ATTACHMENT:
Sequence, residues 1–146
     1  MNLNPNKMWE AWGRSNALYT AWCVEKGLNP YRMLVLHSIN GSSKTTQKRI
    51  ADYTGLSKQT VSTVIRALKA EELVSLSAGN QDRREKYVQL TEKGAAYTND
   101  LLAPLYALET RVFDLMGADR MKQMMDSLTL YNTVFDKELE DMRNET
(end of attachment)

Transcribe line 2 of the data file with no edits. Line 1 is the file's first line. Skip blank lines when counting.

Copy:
     1  MNLNPNKMWE AWGRSNALYT AWCVEKGLNP YRMLVLHSIN GSSKTTQKRI